And I’ve been listening to the Moshav band echo the centuries of Jewish persecution when they sing “there’s no place for the misplaced, no home for the homeless and I’m tired of running, have mercy won’t you take me home” and the full implications of which I will not unpack here.

And in my attempt to find what they all have in common, aside from often being oppressed I’ve found myself trying to use religious language to describe the experience of marginalization.  I think I found some form of an answer in a verb from the first few lines of Genesis.  I have often pondered this word, and now I invite you to ponder it with me:  Merachefet.* The word comes from Genesis 1:2 where it says “Now the earth was unformed and void, and darkness was upon the face of the deep; and the spirit of God hovered over the face of the waters.”  Here, in the Mechon Mamre translation, it is rendered “hovered”, though in the JPS it is translated “over the surface”.  In modern Hebrew, the word can mean anything from “floating” to “hovercraft” or “hydrofoil”.  But the connotation is clear – the verb implies a sort of amorphous, fog-like hanging, or dangling.  I will use “hovered” as a working translation.  (This also may well connect to Rabbi Nachman’s idea in Torah Samech-Daled [which I recently relearned with Ariel] when he discusses God surrounding the Chalal HaPanui).

This state of mereacheft is a state before being, before existence, before participation in the world.  It precedes creative activity and thus precedes the essence of what it means to be human, what it means to live in the world six days a week.   And it can be a dangerous, teetering, existentially bizarre state.  And I want to make it clear that this is not something I know or have experienced myself – I am projecting.  I have never been marginalized in a way that merits lumping me together with the groups mentioned above.  But perhaps I feel some affinity with the marginalized, at least on a very superficial and privileged level, as a woman who often participates in a religious community that does not see her as a full member though I will in no way claim to have understand what it means to be marginalized – hence my stated awareness:  I am projecting.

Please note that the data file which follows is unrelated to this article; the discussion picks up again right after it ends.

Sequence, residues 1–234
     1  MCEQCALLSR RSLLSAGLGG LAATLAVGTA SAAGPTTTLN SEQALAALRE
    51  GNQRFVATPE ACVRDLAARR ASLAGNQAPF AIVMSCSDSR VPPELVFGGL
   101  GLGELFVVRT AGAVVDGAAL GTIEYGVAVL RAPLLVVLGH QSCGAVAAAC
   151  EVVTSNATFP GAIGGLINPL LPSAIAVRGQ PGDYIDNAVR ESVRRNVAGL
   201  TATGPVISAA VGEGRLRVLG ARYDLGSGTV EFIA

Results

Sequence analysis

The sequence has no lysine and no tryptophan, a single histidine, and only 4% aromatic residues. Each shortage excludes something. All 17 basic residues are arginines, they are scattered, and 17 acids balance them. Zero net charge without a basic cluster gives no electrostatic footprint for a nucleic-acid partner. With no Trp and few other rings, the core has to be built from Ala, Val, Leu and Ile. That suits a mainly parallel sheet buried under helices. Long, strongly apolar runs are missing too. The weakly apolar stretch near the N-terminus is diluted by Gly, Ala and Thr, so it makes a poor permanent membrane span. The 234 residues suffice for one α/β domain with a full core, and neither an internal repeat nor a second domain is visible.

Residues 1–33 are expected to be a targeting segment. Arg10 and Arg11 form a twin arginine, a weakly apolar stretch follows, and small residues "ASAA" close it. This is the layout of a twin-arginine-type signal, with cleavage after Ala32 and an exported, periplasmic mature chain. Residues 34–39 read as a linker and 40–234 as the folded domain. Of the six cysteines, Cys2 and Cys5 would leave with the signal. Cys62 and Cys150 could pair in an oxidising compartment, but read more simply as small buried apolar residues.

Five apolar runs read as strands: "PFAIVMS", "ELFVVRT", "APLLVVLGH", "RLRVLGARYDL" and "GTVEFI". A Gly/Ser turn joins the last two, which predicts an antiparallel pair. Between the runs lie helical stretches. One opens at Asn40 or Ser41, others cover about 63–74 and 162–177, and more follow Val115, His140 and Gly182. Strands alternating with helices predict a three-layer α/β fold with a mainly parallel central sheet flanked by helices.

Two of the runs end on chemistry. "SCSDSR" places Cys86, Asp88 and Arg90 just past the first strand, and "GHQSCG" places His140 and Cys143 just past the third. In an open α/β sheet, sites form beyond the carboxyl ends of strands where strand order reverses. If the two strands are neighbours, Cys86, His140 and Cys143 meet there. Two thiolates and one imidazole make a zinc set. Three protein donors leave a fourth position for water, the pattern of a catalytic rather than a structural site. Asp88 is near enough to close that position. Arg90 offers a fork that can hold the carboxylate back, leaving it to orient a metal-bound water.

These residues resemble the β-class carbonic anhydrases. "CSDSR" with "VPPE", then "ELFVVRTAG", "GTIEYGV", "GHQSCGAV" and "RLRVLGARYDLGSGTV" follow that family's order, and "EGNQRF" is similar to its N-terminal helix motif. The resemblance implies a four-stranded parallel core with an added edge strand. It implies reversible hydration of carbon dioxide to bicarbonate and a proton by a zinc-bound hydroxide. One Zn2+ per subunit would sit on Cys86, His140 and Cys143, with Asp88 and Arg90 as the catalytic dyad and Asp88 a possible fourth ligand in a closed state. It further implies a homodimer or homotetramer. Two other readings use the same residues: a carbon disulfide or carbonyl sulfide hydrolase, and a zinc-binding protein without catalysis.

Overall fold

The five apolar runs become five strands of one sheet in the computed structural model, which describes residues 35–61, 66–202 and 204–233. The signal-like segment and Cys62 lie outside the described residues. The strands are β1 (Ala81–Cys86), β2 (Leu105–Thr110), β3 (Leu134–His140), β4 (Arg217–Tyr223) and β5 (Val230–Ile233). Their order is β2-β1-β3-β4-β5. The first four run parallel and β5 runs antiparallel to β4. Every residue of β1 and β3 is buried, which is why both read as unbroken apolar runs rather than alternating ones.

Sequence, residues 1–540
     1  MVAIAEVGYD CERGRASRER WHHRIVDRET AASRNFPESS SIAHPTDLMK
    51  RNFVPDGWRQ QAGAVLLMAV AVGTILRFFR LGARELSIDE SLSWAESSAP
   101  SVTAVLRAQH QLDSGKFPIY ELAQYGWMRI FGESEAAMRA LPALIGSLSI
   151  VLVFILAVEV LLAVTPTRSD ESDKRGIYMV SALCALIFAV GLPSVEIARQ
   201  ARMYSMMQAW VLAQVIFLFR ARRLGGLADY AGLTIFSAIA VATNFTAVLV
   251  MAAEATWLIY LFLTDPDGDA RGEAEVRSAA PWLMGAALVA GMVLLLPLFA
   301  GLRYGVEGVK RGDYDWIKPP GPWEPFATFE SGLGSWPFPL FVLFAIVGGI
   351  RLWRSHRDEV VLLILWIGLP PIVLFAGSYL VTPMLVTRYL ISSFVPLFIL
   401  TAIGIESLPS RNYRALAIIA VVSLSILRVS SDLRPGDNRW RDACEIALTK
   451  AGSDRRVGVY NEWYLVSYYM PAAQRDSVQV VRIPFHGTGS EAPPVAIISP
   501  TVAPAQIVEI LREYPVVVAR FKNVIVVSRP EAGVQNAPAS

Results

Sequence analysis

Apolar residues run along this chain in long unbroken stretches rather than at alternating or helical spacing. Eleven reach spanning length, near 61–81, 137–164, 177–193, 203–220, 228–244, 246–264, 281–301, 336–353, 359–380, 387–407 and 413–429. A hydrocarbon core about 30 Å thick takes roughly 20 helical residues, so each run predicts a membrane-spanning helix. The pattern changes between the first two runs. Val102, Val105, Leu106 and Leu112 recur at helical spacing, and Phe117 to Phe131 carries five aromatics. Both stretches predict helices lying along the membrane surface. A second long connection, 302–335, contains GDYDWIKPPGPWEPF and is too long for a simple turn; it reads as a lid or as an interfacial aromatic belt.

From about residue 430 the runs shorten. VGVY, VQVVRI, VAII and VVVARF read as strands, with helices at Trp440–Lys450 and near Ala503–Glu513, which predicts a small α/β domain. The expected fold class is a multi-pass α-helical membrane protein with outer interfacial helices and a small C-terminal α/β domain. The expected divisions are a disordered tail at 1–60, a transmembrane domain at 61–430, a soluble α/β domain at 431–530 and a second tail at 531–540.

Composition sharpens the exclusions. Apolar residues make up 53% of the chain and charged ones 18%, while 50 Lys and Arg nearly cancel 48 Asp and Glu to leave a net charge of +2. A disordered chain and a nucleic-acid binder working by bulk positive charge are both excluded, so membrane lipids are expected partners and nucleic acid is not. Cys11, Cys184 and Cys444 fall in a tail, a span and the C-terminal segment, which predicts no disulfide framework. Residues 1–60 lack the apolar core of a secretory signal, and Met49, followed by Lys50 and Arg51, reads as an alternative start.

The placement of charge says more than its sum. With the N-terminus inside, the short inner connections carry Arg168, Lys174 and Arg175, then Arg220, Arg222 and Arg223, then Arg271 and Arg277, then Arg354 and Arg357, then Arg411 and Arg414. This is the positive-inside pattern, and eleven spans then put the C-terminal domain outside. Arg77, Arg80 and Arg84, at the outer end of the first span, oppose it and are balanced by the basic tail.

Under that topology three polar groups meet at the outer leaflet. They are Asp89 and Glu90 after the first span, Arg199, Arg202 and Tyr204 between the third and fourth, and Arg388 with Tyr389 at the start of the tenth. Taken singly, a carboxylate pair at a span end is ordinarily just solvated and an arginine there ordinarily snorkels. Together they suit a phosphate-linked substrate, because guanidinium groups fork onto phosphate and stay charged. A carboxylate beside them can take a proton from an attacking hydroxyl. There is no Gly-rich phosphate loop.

This discussion sheds light on what we Jews like to discuss ad nauseum– The Other and our relation to him/her/it.  Slavoj Zizek, the post-Marxist radical sociologist, came to Penn last Wednesday and he discussed Levinas’ view of the Other, which, in brief claims that one’s identity hinges on an external network of Others.  It is the other’s face which makes an unconditional demand on me and that obligates me to him.  Only through him am I a moral being, an ethical self.  Zizek argued that in this conception the “encounter” with the other is an unwanted and necessarily violent act.  The encounter, he said “throws me off of my existence as a simple human animal.”  Essentially, he claims, Levinas’ view reflects a certain kind of narcissism, that, for Levinas, the other must necessarily be weak and impoverished.  He claims that in our culture today, the images of the fragile compose a huge part of our view of ethics.  We see them and we love them, but when they begin to organize, we hate them for taking their oppressed selves away from our condescending affection.  Zizek would say that this view is a part of the ruling ideology and that an ideological function of this concept is the way the we view charity today, expressed in a place like Starbucks where one can – simultaneously – consume and anti-consume. (That’s a video worth watching, by the by)  And I’ve been thinking about this critique of Levinas, and I think it is unforgiving and grants him little nuance.  But for now, my goal is merely to raise this perspective on the marginalized among us, the merechefet nature of the Other, his/her/it’s intrinsic weakness and fragility and expose us to a type of new awareness of what it means to encounter that Other.